United Kingdom

United Kingdom


The founder of The Body Shop inaugurated a wind farm in Wales in which the international cosmetic company is a shareholder. The aim is to cover all electricity consumed at their production headquarters through renewables.

Anita Roddick formally opened a wind farm at Bryn Titli in Powys, Wales which is partly owned by her international cosmetics company, The Body Shop. The site, comprising 22, 450 kW Bonus turbines, was developed by National Wind Power (NWP). The majority shareholder is National Power -- the larger of NWP's two parent companies -- which owns 60% of the £11 million wind farm. Local utility SWALEC has a 25% stake while The Body Shop, which vigorously markets itself as an ethical and environmentally sound business, owns the remaining 15%.

Before switching on the wind turbines on October 4, Roddick said The Body Shop had pledged to invest in energy capacity at Bryn Titli equivalent to electricity consumed by its production headquarters at Littlehampton in Sussex. However, The Body Shop's investment in the Welsh project is starting with a minority stake -- covering just over half of its headquarters electricity requirements. "I am delighted that The Body Shop has been able to take this important step towards our company's ultimate goal of energy self-sufficiency in the UK," Roddick said. "We believe passionately in the need for energy conservation, but becoming environmentally sustainable also means replacing what energy we must use with renewables."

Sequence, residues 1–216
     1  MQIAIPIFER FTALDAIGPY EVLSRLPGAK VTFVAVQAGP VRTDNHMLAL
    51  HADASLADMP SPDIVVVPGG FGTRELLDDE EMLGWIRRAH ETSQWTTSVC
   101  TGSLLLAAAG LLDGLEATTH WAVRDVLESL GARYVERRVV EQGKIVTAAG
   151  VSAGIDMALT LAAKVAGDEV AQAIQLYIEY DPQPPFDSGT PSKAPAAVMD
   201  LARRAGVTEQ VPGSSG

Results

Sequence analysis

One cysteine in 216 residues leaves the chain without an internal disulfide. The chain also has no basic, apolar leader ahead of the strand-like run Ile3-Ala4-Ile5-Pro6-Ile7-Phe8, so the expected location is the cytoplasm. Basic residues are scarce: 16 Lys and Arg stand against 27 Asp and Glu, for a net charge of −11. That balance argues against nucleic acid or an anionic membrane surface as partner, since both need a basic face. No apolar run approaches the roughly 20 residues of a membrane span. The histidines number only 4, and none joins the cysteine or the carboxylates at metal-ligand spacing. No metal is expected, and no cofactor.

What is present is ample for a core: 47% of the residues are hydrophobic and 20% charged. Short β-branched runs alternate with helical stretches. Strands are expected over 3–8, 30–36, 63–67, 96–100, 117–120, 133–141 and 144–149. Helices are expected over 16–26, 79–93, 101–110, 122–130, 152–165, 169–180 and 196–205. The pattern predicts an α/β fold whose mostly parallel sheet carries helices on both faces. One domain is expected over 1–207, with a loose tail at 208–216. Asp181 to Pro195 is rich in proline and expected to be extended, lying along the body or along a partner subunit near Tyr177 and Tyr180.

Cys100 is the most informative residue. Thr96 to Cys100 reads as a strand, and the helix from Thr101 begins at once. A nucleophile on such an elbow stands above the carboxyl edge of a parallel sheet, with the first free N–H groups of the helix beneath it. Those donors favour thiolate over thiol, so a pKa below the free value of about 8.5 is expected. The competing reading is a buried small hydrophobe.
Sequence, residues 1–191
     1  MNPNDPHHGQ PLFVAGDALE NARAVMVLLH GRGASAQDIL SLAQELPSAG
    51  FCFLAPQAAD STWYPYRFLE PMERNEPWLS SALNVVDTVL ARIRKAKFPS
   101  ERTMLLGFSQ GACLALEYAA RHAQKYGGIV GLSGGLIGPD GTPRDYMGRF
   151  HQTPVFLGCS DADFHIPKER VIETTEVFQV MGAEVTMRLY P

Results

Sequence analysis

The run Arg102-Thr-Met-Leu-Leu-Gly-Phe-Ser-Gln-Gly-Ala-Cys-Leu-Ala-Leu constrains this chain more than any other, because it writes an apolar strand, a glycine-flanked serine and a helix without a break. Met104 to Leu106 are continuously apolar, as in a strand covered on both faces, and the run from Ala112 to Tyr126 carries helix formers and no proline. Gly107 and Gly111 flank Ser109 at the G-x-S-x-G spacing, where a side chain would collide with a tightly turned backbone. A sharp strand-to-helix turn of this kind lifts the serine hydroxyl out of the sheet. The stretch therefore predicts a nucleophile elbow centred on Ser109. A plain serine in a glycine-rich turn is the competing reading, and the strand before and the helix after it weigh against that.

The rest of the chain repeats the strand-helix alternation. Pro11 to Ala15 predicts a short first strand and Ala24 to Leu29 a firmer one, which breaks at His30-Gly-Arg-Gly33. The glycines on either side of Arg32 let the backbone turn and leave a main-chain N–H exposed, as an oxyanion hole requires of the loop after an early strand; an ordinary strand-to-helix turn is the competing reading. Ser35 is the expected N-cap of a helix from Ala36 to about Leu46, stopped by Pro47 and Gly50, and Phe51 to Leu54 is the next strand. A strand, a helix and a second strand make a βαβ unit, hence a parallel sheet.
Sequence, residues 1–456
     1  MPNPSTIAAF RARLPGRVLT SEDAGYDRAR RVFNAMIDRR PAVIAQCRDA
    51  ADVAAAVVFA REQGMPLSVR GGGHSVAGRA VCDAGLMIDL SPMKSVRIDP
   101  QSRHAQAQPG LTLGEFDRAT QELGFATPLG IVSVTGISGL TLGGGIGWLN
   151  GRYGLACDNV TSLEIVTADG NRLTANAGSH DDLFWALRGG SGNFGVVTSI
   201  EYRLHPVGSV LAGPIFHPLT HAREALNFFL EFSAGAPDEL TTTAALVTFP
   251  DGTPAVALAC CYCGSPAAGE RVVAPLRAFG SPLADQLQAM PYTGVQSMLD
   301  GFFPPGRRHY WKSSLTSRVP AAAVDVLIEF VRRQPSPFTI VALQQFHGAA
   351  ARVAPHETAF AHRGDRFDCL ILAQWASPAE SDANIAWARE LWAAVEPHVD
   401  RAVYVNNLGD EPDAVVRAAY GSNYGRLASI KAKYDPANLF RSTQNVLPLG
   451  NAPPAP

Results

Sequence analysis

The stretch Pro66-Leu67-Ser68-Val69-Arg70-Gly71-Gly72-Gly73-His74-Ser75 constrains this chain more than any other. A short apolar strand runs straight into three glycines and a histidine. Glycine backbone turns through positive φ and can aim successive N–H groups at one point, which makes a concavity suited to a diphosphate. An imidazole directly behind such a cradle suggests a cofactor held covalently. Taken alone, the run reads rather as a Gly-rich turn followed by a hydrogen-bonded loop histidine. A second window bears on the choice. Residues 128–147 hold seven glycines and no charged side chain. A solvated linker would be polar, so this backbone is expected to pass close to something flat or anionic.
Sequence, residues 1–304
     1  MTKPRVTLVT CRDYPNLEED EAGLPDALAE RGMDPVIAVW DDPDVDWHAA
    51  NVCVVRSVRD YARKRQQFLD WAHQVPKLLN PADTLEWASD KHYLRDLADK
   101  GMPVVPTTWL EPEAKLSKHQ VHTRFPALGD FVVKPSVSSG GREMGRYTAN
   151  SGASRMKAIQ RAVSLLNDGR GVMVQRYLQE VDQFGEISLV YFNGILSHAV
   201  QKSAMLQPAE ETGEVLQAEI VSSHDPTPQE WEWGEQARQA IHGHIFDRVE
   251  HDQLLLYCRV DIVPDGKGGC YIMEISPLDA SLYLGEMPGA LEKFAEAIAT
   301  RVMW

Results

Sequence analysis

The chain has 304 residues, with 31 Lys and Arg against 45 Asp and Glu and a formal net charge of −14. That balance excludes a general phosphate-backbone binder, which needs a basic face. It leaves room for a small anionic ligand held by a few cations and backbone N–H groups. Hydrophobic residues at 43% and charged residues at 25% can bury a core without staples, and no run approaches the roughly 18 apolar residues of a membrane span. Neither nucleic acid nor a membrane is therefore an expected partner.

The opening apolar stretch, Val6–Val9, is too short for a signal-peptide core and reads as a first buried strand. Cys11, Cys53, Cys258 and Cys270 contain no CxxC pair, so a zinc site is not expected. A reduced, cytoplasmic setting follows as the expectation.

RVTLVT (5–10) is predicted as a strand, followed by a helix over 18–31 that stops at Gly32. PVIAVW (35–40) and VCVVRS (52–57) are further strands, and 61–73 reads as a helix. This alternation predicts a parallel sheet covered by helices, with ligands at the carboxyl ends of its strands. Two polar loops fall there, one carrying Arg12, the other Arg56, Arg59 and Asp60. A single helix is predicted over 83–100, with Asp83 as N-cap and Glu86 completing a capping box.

The company's "green" credentials have come in for a battering over recent months as criticisms have been raised about the degree to which The Body Shop fulfils all its claims. The controversy appears to have made little impact on sales, however. Drawing an analogy with wind development Roddick said: "Of course wind energy developers have their critics. But as The Body Shop occasionally discovers, it does not matter how much you do, there will always be small-minded minorities, vested interests or politically motivated individuals who seek to undermine progress." One way the critics could be silenced was by developers meeting their arguments head on, making sure that democratic processes were always respected and by adhering to the strictest environmental and social guidelines, she continued. "I believe that we have shown that here."

Have you registered with us yet?

Register now to enjoy more articles
and free email bulletins.

Sign up now
Already registered?
Sign in